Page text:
Germany lacks those resources, and so “for me, the question as to whether we can learn something from them is a bit futile,” Drosten, director of the Institute of Virology at Berlin’s Charite hospital in Berlin, said in a podcast for NDR radio.
HACKATHONS, GRASSROOTS INITIATIVES
Alarmed by an explosion in infections and fatalities, several countries have launched ‘hackathons’, or brainstorming sessions where software developers team up to search for new technology solutions.
In hardest-hit Italy, the government has appealed to companies to come forward with solutions, while data scientist Ottavio Crivaro is leading a grassroots appeal for people to donate their data to help map the pandemic.
Experts note some of these problems have already been solved elsewhere – Singapore for example has launched the TraceTogether app that collects smartphone location and Bluetooth data from volunteers to check whether they have been in proximity with someone infected with coronavirus.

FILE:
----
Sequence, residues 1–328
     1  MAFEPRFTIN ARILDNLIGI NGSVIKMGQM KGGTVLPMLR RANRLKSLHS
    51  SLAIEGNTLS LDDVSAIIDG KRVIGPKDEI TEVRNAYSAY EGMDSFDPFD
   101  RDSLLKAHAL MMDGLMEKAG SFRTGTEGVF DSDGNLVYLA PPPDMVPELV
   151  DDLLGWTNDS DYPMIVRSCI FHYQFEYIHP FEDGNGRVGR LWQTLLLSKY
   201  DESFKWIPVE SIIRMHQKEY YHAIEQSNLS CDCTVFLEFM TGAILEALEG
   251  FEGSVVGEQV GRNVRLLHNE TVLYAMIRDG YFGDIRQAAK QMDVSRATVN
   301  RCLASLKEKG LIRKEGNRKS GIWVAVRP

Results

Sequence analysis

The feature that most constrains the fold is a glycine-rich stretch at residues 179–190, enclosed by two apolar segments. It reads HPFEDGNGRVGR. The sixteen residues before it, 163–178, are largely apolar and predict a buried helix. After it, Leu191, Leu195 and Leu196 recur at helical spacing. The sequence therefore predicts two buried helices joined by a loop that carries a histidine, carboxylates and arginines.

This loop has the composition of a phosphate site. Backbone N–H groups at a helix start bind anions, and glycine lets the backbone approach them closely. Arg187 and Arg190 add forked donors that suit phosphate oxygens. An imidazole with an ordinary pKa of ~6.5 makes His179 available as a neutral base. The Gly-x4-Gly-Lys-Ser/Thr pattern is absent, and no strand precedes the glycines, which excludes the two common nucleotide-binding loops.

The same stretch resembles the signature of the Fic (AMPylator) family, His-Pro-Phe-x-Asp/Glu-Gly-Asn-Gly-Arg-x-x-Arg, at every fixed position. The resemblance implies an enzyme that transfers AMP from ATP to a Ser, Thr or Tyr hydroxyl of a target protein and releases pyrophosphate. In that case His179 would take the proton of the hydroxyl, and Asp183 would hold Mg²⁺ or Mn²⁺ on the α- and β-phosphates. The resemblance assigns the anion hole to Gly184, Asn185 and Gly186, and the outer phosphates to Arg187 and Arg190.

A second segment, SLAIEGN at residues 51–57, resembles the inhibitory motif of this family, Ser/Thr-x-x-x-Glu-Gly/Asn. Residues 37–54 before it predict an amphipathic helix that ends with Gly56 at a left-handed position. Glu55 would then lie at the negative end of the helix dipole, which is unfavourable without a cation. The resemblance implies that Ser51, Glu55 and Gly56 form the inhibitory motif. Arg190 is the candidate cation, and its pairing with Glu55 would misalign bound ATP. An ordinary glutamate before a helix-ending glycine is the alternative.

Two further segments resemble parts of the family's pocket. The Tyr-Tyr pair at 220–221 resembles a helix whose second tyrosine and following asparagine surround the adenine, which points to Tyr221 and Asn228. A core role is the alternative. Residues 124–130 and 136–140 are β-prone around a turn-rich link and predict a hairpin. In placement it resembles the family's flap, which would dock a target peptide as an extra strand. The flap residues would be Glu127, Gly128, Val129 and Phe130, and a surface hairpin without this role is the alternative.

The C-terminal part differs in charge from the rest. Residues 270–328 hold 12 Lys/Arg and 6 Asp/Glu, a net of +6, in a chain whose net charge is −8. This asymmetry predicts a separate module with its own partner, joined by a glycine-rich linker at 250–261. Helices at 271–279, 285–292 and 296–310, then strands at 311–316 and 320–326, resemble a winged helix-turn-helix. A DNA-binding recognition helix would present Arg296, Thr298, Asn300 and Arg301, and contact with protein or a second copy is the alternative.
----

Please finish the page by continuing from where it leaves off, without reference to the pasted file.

A focus on technology may also detract from simpler answers.
India, for example, allows the use of indelible ink to stamp the hands of people in quarantine – a variation on its system to prevent people voting more than once in elections.
“There’s often a low-tech solution to these problems,” said Edin Omanovic, advocacy director at Privacy International, a non-governmental organization. “With quarantine, sometimes the best thing is just to go and have a look.”
(Additional reporting by Anna Dabrowska, Pawel Florkiewicz, Tomas Mrva, Jan Lopatka, Elvira Pollina, Foo Yun Chee, Isla Binnie, Mathieu Rosemain, Tarmo Virki and Toby Sterling; Writing by Douglas Busvine; Editing by Mark Potter)